In multivariable logistic regression for the outcome of frailty alone (vs. pre-frail and non-frail), the eGFR categories of 30-59 (OR 1.49; CI 1.07, 2.06; p = 0.018), eGFR 15-29 (OR 2.21; CI 1.36, 3.58; p = 0.001) and eGFR <15 (OR 5.55; CI 2.48, 12.4; p < 0.001) were associated with an elevated odds of frailty.

Age-stratified ordinal logistic regression showed that black race was associated with worse frailty status among individuals <65 years (OR 1.95; CI 1.29, 2.96; p = 0.002), but not among those ≥65 years (OR 1.17; CI 0.79, 1.74; p = 0.42). In the ordinal logistic regression model with all participants, however, the black race by age ≥65 years interaction did not reach significance (interaction OR 0.66; CI 0.39, 1.12; p = 0.12).

This study is the first to examine both physical performance and frailty in a large, ethnically diverse cohort with a wide spectrum of CKD severity and age. Worse renal function demonstrated a graded association with worse physical performance and frailty, independent of age, sex, race, BMI, anemia, socioeconomic status and major comorbidities. These results underscore the need to define the fundamental biological mechanisms in kidney disease that drive the development of poor physical performance, frailty and loss of functional status. Additionally, CKD patients with worsening physical performance or pre-frailty might benefit from targeted interventions to prevent further deterioration in global health.

The SPPB revealed clinically important variation in physical performance in the CRIC cohort. The only other non-transplant CKD population in which the SPPB has been measured is participants in the Frequent Hemodialysis Network (FHN) Trial. Among the 375 (mean age 51 years) FHN participants, 22% had SPPB scores <7 and 42% had scores >10 [32]. In our cohort, the proportions were 19 and 34%, respectively, suggesting a similar burden of poor physical performance in the context of more preserved renal function but older mean age (63 years) in CRIC.

Studies of the SPPB in community-dwelling elderly populations without known CKD have shown that 0.5-point differences in SPPB are clinically meaningful, suggesting that the worse SPPB scores associated with severe renal dysfunction in our study would predict adverse health outcomes such as disability [12,23,37]. The modest correlation between SPPB score and the physical components score of the KDQOL supports the idea that observed physical performance and self-reported function capture related but distinct domains of physical health in CKD patients.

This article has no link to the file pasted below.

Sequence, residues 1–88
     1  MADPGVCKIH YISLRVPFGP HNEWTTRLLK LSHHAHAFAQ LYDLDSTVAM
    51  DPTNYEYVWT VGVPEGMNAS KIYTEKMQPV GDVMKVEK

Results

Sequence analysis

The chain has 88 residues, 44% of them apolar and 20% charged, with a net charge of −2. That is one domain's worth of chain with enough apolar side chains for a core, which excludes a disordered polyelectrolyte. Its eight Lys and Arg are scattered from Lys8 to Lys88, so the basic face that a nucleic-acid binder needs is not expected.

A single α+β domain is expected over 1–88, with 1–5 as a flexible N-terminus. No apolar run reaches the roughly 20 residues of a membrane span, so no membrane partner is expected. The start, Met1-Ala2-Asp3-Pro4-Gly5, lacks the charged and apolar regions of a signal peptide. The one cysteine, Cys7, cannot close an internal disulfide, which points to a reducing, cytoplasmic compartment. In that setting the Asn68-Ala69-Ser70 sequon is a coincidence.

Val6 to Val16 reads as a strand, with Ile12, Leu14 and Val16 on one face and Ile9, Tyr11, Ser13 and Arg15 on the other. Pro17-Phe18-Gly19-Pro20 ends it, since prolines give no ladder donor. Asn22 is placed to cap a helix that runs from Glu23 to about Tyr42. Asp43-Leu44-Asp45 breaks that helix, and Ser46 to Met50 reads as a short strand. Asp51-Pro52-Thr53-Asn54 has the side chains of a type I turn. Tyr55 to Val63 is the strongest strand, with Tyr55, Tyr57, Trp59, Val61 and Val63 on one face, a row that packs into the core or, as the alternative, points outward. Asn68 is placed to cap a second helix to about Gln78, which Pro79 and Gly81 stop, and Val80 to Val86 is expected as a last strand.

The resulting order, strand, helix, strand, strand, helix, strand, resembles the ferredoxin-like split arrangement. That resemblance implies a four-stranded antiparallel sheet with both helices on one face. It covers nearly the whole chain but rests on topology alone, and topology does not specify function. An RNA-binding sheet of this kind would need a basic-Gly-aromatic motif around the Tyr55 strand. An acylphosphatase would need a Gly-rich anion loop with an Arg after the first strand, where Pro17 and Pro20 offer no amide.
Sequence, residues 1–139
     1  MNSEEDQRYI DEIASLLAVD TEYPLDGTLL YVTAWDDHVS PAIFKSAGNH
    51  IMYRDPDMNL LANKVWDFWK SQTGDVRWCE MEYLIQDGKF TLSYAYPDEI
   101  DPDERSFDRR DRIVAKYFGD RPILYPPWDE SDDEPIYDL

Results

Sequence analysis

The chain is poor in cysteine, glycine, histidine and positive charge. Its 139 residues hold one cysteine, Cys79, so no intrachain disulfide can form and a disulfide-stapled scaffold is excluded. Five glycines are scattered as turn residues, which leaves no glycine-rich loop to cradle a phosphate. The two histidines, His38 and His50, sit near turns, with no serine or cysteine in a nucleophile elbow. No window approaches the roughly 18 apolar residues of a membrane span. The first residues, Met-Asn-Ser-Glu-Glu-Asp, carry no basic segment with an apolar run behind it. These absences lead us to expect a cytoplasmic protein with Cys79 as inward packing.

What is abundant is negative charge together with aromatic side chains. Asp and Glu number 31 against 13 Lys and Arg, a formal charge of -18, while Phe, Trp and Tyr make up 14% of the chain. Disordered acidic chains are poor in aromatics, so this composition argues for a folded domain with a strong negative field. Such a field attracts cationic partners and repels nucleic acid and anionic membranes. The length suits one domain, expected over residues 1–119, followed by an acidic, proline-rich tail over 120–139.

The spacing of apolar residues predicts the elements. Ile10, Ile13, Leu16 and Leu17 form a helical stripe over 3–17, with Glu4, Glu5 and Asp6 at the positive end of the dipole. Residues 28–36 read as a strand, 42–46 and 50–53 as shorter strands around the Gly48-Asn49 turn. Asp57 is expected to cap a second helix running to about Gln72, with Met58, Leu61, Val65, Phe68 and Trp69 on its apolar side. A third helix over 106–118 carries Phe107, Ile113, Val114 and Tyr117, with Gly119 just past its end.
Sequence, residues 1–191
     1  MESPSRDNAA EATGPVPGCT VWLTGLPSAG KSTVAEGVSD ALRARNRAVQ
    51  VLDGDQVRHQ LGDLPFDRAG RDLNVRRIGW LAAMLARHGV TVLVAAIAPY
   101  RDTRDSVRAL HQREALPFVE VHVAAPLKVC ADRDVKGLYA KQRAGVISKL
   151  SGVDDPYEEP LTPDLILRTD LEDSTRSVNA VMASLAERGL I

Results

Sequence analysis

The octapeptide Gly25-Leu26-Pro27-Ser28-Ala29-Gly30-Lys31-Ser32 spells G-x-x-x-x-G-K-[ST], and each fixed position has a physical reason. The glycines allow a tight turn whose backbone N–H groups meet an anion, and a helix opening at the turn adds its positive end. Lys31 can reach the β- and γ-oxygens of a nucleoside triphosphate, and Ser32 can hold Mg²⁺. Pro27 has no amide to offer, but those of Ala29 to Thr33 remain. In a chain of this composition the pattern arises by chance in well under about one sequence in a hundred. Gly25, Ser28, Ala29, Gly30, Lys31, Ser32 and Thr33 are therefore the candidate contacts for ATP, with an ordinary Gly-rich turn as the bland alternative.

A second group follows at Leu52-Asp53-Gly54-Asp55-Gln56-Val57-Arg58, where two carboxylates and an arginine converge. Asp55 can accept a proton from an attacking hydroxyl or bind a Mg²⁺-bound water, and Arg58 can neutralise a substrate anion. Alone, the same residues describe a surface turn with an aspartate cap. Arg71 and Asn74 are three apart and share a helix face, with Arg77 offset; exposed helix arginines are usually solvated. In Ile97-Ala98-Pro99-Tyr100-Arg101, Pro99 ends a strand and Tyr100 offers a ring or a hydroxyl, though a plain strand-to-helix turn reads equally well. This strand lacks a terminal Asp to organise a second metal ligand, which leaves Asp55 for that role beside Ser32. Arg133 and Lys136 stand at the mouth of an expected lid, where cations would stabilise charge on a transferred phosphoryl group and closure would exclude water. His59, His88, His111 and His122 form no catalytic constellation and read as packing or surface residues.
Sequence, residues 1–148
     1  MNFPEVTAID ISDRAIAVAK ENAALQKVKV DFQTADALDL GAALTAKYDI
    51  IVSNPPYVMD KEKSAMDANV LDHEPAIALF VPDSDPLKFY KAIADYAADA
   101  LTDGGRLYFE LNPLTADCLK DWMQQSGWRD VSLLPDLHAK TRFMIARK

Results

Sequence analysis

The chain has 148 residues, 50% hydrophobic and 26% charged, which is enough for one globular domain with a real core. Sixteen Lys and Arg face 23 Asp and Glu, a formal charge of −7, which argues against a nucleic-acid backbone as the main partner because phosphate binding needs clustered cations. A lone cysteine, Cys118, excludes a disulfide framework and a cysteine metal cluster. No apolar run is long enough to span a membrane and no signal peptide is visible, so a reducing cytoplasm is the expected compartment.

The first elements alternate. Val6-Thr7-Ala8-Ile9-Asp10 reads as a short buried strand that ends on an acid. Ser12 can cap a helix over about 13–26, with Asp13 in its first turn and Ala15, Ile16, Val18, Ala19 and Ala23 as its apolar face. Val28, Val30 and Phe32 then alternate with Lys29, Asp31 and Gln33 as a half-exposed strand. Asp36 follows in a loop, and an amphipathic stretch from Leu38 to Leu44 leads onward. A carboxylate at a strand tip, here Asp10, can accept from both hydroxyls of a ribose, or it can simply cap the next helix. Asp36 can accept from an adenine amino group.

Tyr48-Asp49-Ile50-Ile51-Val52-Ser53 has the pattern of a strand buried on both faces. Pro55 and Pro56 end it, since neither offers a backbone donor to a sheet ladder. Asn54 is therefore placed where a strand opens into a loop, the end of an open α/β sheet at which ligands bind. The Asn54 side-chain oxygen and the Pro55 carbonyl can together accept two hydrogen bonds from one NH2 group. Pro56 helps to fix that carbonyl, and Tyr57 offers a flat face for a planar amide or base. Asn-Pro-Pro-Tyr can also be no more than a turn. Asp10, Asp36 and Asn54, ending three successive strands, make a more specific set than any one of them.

The prevalence of frailty (7%) and pre-frailty (43%) in CRIC paralleled those found in cohorts of community-dwelling people whose ages were much older. We measured frailty using criteria developed in the CHS, a cohort of elderly men and women (aged 65-101 years) in which the prevalence of frailty was 7% and pre-frailty was 47% [9]. These criteria were later validated in the Women's Health and Aging Studies (aged 70-79 years), which had a frailty prevalence of 11% [13]; this high prevalence was likely due, in part, to the inclusion of more severely disabled women through home visits. In another community-dwelling cohort aged 65-80 years, Espinoza and Hazuda [38] reported that 7% of individuals of European ancestry and 11% of individuals of Hispanic ancestry were frail. The similarity in the distribution of frailty status between our CKD cohort and cohorts of older community-dwelling people suggest an ‘accelerated aging' associated with low GFR.

Our study also bears comparison to the recently reported results from the Seattle Kidney Study. The 336 CKD patients in the Seattle Kidney Study had a greater prevalence of frailty (14%) and pre-frailty (52%) than our cohort. Notably, the Seattle Kidney Study assessed weight loss using self-report and categorized low physical activity as self-reported exercise less than once a week [18]. In contrast, we determined weight loss using measured weights at study visits and categorized low physical activity using a systematic assessment of moderate to vigorous physical activities and applying gender-specific cut-points for weekly energy expenditure that were defined by Fried et al. [9]. These differences in prevalence suggest that the identification of frailty depends to an important degree on the method of assessment [39]. However, despite these differences, our results confirm the graded association between eGFR and frailty that was reported in the Seattle study [18].

The biological mechanisms that cause poor physical performance and frailty in CKD are incompletely explained. Across the spectrum of renal dysfunction, CKD patients are more likely to have limited physical activity due to comorbidities such as CVD and anemia. Advanced CKD is often accompanied by inflammation and cachexia that promote loss of lean muscle mass and could worsen physical performance and promote frailty [7,40,41]. Further, CKD is associated with abnormalities in muscle function (particularly in proximal muscles), morphology and metabolism [42,43,44,45]. CKD patients also have elevated concentrations of inflammatory cytokines, including interleukin-6 and tumor necrosis factor-α, that are also associated with frailty [46]. Systemic inflammation, elevated angiotensin II levels and metabolic acidosis promote muscle catabolism through impaired insulin/insulin-like growth factor I intracellular signaling and the activation of caspase [6]. These pathologic processes could limit physical activity and worsen physical performance.